A ReLIFE Review

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To be honest, I wasn’t expecting ReLIFE to be very good. From the very first episode it was clear that this show wasn’t a powerhouse in terms of visual design/animation. It was almost as if my screen screamed “low budget” the moment I laid eyes on it. This didn’t necessarily have to be a problem, as all it takes is a little creativity and/or skill to work around the confinements of time and money. For one reason or another however, ReLIFE lacked the ingenuity to create any sort of visual spectacle throughout the season’s entirety. The show went with a very basic, but very consistent style. While it was at no point an eyesore, it was also at no point something worthy of awe. Backgrounds were no more than sufficient and background crowds ended up being less appealing due to lack of details/movement.

Character design however, was done quite well. Still not extraordinary, but ReLIFE does manage to create characters with distinct physical properties and overall pleasant appearances. Which I guess is to be expected with any self-respecting show, but whatever. They look good, and they’re memorable. One thing I will call the show out on though is an over-reliance of comical chibi faces. I don’t really consider ReLIFE to be a comedy, it’s certainly not styled or focused like one. Sure, there are obvious jokes and genuine laughs to be had in every episode, but mainly the show seems lean more towards slice of life and drama rather than a constant aim for humor above all else. If ReLIFE were to just cut down a bit on chibi and focus on creating more moments of subtle humor, I feel the show would be better off for it. But perhaps that’s just personal preference.

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As for the music of the show, the beginning of the season consisted of the same piano rift played at different paces, in different scenes, to try and match the mood being set. A lot of times this just came off as distracting, and often I’d question whether individual scenes would be better off without any background rhythm whatsoever. Eventually the show evolved from its basic piano rift and by the end it had some actual variety in its soundtrack.

While musically and visually ReLIFE wasn’t much over adequate, it still had a chance to prove itself worthy through its storytelling. ReLIFE starts off as a fairly basic deadline narrative where our 28-year-old protagonist, Kaizaki, is given a chance to take a year off from his depressing NEET life. He’s approached by business man (and soon to be supporter) Ryou with a proposal to take part in an experiment. The corporation (ReLIFE) that he works for has developed a miracle drug that they want to test on Kaizaki, a drug that will turn his body back to its teenage form and give him the chance to re-experience high school. He only has a year however, and everyone he meets and befriends with have their memories wiped clean of existence as he returns to his adult life.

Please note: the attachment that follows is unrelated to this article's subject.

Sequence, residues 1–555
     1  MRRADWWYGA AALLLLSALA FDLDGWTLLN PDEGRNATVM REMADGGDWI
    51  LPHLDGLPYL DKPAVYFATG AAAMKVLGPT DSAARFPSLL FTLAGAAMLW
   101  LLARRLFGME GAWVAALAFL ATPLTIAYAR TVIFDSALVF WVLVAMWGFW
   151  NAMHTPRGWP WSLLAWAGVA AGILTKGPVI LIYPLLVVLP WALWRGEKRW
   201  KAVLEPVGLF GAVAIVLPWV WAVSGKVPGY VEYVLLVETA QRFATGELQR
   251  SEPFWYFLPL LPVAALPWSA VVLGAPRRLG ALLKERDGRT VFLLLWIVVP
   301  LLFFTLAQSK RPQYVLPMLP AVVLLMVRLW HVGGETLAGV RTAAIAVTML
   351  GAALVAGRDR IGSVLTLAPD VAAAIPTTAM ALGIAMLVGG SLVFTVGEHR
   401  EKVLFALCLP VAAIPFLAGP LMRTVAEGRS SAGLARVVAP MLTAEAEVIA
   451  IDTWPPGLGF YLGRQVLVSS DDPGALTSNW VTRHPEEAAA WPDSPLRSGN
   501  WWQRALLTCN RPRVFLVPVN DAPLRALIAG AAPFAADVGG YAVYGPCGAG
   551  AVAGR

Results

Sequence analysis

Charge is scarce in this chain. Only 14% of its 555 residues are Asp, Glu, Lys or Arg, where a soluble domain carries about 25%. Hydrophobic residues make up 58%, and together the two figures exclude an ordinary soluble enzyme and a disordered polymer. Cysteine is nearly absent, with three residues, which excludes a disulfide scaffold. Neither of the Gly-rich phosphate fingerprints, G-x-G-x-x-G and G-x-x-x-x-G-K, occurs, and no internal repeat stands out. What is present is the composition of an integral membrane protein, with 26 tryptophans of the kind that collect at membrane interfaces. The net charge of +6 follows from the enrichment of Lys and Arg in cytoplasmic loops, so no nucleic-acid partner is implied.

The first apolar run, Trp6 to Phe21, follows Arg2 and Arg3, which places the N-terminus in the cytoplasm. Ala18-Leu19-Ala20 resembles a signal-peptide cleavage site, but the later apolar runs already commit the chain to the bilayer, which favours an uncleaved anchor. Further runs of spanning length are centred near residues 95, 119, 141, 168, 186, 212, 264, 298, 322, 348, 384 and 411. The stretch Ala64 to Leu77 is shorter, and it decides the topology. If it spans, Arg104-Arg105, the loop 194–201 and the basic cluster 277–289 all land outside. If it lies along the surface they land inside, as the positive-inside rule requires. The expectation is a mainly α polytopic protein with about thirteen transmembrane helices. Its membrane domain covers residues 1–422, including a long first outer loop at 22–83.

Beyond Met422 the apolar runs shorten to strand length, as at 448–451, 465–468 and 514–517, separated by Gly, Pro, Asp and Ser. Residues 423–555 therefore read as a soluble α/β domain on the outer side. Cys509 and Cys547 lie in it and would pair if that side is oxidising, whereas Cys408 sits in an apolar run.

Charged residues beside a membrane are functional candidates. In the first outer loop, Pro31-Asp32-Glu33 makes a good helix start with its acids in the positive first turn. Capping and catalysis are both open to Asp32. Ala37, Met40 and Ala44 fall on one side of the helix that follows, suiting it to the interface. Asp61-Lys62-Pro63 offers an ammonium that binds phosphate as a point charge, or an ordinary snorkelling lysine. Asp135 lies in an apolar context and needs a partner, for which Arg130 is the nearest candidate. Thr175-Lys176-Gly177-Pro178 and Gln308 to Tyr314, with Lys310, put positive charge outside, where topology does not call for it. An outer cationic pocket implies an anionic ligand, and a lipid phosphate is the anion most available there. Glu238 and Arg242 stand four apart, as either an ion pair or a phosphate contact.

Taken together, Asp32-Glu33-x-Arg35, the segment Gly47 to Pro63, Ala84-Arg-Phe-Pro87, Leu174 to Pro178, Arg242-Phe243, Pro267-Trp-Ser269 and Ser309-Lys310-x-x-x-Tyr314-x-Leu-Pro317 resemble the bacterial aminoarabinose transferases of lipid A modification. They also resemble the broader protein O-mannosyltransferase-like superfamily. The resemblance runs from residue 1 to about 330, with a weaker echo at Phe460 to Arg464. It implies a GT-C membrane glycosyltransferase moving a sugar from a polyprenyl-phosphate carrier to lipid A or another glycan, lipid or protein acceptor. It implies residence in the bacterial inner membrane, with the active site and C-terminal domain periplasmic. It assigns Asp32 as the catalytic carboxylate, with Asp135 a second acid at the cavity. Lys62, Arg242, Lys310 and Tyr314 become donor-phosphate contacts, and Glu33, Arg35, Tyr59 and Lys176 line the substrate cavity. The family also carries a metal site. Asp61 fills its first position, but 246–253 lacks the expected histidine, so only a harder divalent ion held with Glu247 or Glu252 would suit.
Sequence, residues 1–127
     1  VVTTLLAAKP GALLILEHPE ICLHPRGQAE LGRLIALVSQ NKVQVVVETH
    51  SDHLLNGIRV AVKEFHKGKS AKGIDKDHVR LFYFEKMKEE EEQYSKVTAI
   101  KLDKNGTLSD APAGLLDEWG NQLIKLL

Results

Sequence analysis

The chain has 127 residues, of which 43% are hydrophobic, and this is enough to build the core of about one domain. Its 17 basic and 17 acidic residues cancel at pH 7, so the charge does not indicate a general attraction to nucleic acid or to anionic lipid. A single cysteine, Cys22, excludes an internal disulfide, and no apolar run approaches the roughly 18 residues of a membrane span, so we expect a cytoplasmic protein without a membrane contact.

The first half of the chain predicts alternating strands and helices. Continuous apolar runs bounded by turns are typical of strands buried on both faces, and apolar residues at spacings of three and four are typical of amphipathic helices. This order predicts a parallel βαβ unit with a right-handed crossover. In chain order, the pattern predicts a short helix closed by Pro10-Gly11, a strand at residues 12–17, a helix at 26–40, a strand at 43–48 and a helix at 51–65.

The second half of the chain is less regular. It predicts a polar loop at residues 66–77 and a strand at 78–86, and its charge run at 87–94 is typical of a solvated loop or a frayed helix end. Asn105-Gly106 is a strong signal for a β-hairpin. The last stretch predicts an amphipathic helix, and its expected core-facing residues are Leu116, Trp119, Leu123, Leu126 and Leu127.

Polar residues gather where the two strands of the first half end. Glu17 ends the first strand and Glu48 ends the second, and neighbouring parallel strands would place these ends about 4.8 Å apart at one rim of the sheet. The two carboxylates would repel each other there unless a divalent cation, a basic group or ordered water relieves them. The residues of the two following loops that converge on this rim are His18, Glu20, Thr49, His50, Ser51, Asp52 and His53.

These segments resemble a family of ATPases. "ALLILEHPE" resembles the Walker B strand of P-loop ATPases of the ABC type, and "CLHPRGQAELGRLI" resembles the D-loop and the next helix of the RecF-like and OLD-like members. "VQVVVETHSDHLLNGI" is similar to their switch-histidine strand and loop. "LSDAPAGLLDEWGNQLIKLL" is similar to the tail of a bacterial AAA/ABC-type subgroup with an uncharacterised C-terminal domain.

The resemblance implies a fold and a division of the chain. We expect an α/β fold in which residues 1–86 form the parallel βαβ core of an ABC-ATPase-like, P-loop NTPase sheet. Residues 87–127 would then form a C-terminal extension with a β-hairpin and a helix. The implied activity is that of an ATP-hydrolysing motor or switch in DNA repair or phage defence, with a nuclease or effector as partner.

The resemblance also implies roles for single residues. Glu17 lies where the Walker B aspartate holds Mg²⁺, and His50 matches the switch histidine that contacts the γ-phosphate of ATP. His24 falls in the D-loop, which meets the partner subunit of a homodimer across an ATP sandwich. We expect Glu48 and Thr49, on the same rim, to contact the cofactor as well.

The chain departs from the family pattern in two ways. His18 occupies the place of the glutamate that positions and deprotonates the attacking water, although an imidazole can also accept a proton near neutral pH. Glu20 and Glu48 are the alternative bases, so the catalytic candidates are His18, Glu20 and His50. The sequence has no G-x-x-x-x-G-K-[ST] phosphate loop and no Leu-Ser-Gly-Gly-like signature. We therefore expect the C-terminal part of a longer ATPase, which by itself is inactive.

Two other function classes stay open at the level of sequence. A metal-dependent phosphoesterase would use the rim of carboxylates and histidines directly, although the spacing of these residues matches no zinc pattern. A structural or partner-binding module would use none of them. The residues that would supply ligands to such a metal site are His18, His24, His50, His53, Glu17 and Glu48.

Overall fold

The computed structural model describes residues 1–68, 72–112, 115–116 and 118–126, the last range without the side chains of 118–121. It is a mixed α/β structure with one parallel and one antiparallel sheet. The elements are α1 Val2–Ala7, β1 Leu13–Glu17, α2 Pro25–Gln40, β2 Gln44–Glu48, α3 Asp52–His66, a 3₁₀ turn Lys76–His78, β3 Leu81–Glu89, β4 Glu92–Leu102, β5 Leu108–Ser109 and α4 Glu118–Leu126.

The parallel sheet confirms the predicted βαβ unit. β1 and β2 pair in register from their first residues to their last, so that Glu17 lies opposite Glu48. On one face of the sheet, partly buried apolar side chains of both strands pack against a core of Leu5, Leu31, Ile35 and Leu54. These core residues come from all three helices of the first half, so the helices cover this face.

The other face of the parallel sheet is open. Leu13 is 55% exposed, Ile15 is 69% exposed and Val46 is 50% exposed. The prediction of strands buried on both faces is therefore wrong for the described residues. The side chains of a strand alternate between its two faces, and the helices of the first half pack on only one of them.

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Essentially it feels like ReLIFE traps itself from the beginning, offering what seems like only two outcomes: The show is going to end on a bittersweet note where he gets to remember his friends and everything he’s learned from them, and his friends still remain affected by him but will sadly forget about him as a person OR the show will just break its own rule that it set for itself, copping out for a happy but perhaps ill gained conclusion. In storytelling, if you create your own rule then you better stick to it, because it is in no way clever to go against that rule just to service your shitty, unearned resolution. Luckily, ReLIFE doesn’t do this and actually offers up a plausible and exciting third option, one which I won’t disclose any further because of spoilers.

At the end of the first season, ReLIFE does prove itself to be a plot with a plan, which honestly is quite a relief. The end of the first season isn’t the end of the series however, and that leaves me questioning how there could possibly be a full second season that doesn’t feel prolonged. The first season did feel a bit stretched thin and some characters do seem like they should be squeezed dry of any more dramatic conflict by now. Kariu in particular is used as the center of almost every issue and the season as a whole. There are two problems specifically that are essentially the same lesson being learned twice, which leaves me skeptical as to why she would repeat the same mistakes rather than taking her bad experiences and using them to avoid once again in the future.

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Other than Kariu, I’d say the characters themselves are pretty solid. It’s interesting to see the levels of perspective tied to them, with Oga, Honoka, and Kariu being the core and average high schoolers. Then there’s Chizuru and Kaizaki, who are sort of outsiders compared to the “normal” students, followed by An and Ryou who in turn are even further outside the center and watch the others from a distance with Kaizaki as their intended focus as well as his effect on others.

ReLIFE the corporation still remains mysterious by the end of this season and the true purpose behind their experiment is still yet to be revealed. That, plus the romantic entanglements and conclusion to Kaizaki’s ReLIFE experience are probably enough to keep me enticed for future installments. The plot shows that it has an idea of where it’s heading and the characters are likeable. It’s a shame that the show couldn’t come up with more skillful or creative animation, because it seems to be the only big thing that’s holding it back.

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